Understanding IDSs and IPSs:
• Intrusion detection systems (IDSs) and intrusion prevention systems (IPSs) inspect traffic using the same functionality as a protocol analyzer.
• A host-based IDS (HIDS) can detect attacks on local systems such as workstations and servers. The HIDS protects local resources on the host and can detect some malware that isn’t detected by traditional antivirus software.
• A network-based IDS (NIDS) detects attacks on networks.
• A signature-based IDS uses signatures to detect known attacks or vulnerabilities. Vendors create a number to identify each signature, or use the number in the Common Vulnerabilities and Exposures (CVE) list.
• An anomaly-based (also called heuristic-based or behavior-based) IDS requires a baseline and detects attacks based on anomalies or when traffic is outside expected boundaries.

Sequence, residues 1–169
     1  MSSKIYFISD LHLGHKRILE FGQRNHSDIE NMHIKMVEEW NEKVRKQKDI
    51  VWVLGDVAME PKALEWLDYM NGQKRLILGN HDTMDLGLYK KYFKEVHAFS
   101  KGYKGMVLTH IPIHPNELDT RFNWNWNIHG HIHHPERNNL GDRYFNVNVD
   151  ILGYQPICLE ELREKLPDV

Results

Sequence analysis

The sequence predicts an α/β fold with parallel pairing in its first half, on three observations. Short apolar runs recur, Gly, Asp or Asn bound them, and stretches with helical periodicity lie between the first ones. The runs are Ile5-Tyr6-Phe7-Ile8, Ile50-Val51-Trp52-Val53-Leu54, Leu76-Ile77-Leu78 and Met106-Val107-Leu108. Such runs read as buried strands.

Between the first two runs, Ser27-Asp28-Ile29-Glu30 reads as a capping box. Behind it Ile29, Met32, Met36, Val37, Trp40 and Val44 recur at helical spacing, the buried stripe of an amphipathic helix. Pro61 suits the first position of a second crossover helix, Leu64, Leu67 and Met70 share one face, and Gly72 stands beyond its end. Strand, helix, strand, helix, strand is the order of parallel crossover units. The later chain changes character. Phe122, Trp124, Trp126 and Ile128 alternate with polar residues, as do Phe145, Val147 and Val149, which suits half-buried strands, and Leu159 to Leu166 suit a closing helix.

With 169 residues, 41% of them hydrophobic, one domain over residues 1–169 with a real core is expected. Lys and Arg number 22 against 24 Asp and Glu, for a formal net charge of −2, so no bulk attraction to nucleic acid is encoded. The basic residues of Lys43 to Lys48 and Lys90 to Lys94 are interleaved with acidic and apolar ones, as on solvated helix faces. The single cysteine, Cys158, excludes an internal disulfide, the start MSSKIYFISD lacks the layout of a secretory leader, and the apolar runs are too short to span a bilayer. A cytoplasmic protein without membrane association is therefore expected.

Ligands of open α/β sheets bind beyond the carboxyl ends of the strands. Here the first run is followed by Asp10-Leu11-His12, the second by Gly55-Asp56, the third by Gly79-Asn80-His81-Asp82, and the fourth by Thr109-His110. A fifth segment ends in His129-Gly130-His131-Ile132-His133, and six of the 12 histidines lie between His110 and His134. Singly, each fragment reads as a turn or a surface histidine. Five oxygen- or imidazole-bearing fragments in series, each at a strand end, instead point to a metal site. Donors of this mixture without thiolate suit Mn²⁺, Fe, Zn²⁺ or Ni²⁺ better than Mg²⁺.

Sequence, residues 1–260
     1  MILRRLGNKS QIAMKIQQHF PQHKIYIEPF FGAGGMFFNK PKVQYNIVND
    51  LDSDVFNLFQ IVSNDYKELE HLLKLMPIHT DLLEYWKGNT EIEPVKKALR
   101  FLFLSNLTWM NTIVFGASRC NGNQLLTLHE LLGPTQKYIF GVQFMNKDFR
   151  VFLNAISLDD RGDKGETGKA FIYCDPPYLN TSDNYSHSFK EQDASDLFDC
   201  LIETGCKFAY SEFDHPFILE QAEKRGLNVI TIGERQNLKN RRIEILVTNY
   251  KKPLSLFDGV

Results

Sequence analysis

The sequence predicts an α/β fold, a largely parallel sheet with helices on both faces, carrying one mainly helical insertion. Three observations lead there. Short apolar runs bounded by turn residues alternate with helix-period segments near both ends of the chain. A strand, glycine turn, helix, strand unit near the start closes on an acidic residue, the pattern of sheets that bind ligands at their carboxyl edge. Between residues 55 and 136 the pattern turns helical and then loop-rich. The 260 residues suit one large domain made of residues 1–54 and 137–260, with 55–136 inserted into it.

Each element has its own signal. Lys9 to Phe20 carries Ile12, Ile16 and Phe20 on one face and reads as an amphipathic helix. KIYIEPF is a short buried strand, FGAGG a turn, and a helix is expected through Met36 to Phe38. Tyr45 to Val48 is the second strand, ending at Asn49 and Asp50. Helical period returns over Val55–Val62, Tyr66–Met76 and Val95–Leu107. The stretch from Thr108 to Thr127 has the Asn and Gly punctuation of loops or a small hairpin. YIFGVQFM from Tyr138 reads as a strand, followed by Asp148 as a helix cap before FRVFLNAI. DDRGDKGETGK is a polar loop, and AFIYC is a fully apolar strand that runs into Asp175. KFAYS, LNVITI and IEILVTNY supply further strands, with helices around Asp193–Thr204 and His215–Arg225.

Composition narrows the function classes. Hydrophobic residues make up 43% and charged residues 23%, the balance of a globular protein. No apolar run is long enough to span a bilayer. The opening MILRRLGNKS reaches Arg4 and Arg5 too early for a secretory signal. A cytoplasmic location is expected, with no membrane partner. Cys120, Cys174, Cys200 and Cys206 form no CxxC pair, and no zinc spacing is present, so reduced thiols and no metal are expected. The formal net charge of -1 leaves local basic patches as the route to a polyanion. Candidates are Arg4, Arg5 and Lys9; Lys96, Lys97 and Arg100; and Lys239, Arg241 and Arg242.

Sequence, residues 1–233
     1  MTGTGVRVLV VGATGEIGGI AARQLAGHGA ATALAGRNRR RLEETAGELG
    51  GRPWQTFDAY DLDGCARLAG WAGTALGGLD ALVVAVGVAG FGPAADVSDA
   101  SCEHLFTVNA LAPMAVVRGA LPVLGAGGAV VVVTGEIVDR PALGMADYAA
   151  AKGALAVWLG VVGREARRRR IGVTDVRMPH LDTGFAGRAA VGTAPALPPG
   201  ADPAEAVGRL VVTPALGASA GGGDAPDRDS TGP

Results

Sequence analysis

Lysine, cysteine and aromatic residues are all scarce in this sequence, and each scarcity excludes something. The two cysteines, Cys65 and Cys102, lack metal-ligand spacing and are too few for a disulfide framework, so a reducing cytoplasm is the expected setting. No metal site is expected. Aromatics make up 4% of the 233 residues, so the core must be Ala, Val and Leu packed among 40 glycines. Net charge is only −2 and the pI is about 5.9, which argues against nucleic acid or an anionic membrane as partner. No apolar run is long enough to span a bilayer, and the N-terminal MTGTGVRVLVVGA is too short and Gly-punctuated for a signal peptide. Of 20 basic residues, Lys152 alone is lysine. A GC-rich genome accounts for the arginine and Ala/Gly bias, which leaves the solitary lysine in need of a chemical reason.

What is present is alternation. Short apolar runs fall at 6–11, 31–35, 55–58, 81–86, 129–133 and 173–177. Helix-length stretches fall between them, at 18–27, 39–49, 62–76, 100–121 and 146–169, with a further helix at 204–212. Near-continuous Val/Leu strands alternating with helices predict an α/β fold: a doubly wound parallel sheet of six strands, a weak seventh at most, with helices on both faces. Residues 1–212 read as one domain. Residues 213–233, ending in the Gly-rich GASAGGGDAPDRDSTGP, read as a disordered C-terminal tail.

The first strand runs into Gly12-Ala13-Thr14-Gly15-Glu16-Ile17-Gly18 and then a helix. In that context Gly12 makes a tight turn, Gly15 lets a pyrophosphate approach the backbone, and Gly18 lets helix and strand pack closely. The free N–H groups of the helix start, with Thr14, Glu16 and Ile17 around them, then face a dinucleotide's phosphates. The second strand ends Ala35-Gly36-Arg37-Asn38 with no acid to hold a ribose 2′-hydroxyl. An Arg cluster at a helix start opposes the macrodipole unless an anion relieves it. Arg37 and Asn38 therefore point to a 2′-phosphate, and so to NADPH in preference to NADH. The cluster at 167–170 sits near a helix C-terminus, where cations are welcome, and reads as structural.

• A false positive sends an alert indicating an attack when an attack is not active. False positives increase the workload of administrators. A false negative is when an attack is active, but not reported.
• Honeypots and honeynets appear to have valuable data and attempt to divert attackers away from live networks. Security personnel use them to observe current attack methodologies and gather intelligence on attacks.
• An intrusion prevention system (IPS) is similar to an active IDS except that it’s placed in-line with the traffic, and can stop attacks before they reach the internal network. An IPS can actively monitor data streams, detect malicious content, and mitigate the effect of malicious activity.
• IDSs and IPSs can also protect internal private networks, such as private supervisory control and data acquisition (SCADA) networks.